Chris Graham | Where I am on local elections

I explained in a column today on our new sister website, VirginiaPoliticsToday.com, how much I loathe making endorsements.

That said, I get it that some of our readers are at the least interested in knowing where I am on local elections, assuming that since I do news and analysis for a living I might have some insights into what’s going on.

So … here goes.

Waynesboro Treasurer: A tough call. I think Jim Serba to be the most qualified of the four candidates, but I wonder about his viability as a write-in candidate. What concerns me most is the issue of whether or not Serba, a retired retail-store manager, has done enough to get his name in front of voters, given that he is a write-in candidate, and thus voters will have to have his name on their minds when they go into the voting booth.

A second write-in candidate in the race, Terry Kent, a recently downsized retail manager, has done a much better job, in my view, getting his name out.

The third challenger is on the ballot already, Stephanie Beverage, the Republican nominee, not that her being a Republican matters much at all, considering the position up for grabs here.

The incumbent, Sandee Dixon, clearly needs to be replaced in the job. Dixon’s tenure has been marked by a string of negative local and state audit reports, and her return to the office would be an embarrassment to Waynesboro.

Where I’m torn is between Serba and Beverage. As I said above, I think Serba to be the most qualified of the four, but Beverage, I think, also brings a skillset to the mix that would make her an effective treasurer, and importantly, her name is on the ballot, which gives her a leg up among the challengers.

The dilemma: Do I vote my conscience and push the button for Serba? Or do I not risk re-electing Dixon by voting for a write-in candidate and go with Beverage?

I’m going to push the button for Beverage, and have faith that I’m doing what’s best.

25th House District: A lot of me likes Steve Landes, because for years he practiced politics the way I think you’re supposed to, playing down partisanship to do things like advocate for state money for the Wayne Theatre project that has its critics among Waynesboro Republicans.

The Landes of late has been feeling pressure from the far right of the GOP. I think that’s what was behind his inflammatory comment equating the Obama administration to Nazi Germany and the Soviet Union this summer. He was throwing red meat to the base to show them that he’s one of them.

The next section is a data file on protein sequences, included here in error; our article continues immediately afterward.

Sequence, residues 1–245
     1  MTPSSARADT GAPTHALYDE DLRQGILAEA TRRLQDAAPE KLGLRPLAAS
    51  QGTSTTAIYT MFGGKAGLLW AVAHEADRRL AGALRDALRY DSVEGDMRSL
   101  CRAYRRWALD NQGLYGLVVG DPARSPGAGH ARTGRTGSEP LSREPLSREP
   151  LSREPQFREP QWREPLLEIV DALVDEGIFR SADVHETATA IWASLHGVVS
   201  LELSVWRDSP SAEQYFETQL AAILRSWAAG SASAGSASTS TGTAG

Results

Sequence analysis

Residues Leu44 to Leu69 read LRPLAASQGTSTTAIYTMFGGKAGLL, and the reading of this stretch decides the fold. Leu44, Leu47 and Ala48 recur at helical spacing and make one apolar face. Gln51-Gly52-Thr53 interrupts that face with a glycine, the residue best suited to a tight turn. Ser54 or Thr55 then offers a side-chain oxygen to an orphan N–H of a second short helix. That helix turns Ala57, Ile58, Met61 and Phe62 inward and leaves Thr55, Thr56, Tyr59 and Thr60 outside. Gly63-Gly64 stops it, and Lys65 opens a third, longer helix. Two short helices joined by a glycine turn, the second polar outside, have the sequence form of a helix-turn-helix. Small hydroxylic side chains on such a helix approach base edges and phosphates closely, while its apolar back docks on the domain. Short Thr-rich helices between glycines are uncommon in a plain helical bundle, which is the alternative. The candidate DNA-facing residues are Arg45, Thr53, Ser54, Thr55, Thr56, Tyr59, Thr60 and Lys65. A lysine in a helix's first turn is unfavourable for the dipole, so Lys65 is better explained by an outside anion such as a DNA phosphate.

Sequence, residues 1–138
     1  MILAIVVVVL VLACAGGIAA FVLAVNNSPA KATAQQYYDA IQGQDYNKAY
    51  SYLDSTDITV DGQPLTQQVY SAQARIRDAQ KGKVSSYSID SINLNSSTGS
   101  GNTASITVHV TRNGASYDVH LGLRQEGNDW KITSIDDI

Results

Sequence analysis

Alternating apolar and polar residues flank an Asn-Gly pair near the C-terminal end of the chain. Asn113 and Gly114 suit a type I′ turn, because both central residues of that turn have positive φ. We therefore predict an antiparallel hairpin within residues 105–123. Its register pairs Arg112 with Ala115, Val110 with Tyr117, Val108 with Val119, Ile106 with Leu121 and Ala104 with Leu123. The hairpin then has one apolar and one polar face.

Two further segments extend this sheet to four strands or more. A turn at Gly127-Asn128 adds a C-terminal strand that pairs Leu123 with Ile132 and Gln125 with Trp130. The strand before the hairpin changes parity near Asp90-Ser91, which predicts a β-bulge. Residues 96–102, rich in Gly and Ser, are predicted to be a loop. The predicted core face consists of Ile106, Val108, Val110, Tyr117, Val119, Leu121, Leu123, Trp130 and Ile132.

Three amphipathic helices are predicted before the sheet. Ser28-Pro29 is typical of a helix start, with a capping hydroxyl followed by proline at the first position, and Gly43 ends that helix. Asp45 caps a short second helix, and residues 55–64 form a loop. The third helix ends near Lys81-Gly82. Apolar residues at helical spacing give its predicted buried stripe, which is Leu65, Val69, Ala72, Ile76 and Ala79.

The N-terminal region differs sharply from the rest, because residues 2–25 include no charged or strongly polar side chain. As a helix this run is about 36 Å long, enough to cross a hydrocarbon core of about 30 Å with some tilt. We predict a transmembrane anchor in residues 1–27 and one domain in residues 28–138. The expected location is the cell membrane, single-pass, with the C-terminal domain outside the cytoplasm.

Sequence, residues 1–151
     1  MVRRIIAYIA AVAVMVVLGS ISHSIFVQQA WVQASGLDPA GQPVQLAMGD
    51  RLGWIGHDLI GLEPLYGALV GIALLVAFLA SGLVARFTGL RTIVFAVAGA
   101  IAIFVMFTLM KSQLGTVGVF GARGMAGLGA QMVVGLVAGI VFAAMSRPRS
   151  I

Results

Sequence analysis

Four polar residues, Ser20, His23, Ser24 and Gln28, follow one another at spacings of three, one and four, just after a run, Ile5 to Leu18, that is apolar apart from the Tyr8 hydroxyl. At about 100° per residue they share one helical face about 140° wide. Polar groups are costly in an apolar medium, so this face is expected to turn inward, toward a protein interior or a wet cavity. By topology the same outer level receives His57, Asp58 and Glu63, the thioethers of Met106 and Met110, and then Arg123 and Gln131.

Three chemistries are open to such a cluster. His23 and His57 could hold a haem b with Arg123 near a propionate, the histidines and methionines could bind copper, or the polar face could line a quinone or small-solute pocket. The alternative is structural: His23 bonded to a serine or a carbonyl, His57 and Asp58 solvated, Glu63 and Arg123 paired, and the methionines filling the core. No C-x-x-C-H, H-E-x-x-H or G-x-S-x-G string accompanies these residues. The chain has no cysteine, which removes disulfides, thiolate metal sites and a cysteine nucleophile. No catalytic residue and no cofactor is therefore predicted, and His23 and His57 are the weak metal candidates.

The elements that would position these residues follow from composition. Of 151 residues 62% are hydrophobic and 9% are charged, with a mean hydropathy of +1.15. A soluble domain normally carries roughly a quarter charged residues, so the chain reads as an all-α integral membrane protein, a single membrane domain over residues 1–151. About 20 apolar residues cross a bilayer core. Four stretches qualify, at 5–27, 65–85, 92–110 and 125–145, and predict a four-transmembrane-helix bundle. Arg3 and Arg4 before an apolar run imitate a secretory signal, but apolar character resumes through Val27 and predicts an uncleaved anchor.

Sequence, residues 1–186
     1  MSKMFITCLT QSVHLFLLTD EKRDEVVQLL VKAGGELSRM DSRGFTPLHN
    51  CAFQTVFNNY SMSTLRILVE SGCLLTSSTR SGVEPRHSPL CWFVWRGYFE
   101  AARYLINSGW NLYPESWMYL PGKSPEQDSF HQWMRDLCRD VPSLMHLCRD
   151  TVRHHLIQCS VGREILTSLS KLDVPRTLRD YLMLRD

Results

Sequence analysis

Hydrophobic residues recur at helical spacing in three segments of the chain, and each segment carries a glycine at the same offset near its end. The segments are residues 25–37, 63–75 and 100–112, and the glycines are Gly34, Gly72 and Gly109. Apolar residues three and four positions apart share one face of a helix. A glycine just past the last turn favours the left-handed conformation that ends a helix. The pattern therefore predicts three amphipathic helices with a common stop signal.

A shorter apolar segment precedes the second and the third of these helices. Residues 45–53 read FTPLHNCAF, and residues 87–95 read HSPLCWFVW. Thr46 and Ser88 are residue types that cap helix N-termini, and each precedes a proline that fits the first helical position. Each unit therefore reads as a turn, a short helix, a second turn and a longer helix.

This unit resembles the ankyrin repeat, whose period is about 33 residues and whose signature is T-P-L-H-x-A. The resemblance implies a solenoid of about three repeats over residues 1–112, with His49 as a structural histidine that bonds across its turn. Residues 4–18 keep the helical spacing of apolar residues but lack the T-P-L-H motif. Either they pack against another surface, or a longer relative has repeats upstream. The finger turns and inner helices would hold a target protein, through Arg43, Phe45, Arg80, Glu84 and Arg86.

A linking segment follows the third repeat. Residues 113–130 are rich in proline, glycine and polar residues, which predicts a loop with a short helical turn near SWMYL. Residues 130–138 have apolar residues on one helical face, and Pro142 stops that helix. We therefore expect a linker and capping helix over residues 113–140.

Greg Marrow is a breath of fresh air in contrast to the Landes of late. He routinely tells Democratic supporters that he campaigned for Ronald Reagan back in the ’80s, for example, which is pretty much the exact opposite of throwing red meat to the party base when you’re a Democrat.

Marrow also has ideas and passion about those ideas, something sorely lacking in Landes, who has spent a good bit of his time in the legislature chasing down outdated laws to remove from the State Code, as if removing a page here and a paragraph there does anything to make the world a better place to live.

Marrow gets my vote, even if he didn’t get a cent of money from the state Democratic Party. (Shame on them.)

20th House District: Can’t vote in this one, but if I could, I’d have quite the decision on my hands. I know Erik Curren and Dickie Bell both well. Erik used to write a column for the AFP on environmental issues; I got to know Dickie well when we worked together on the project to build a skateboard park in Staunton.

Both have their internal party critics – Curren for coming across in the minds of some of the Democratic Party faithful as being too liberal for the 20th; Bell for not exactly being effective at building coalitions in his years on Staunton City Council, where he is known as the 1 in 6-1 votes.

I think the writing is on the wall in this one, so I’ll give you this two-headed endorsement – for Bell in the 20th, and for Curren for Staunton City Council in May 2010.

24th House District: Short and sweet here – I’ve known Ben Cline for years, and though I disagree with him on some key policy matters, I know that he listens. His Democratic Party opponent, Jeff Price, I know little about; despite trying several times to set up interviews with him, dating back to Labor Day 2008, I never did get the chance to talk with him one-on-one. I’m not the type to vote for the Democrat just because he’s a Democrat, so since I never got to know Price, I’d have to vote for Cline.

26th House District: Gene Hart, Gene Hart, Gene Hart. Matt Lohr is a super-nice guy, but he has always seemed to me to be out of his league in the House of Delegates. Hart, I think, could be an up-and-comer in Democratic Party circles. The 26th has been on the verge of going Democratic a couple of times this decade. I’m not sure it makes it over the line this time around, what with the goings-on with the statewide races, but I think it would be a shame if Hart were not called by the people of the 26th to represent them in Richmond.

 

– Column by Chris Graham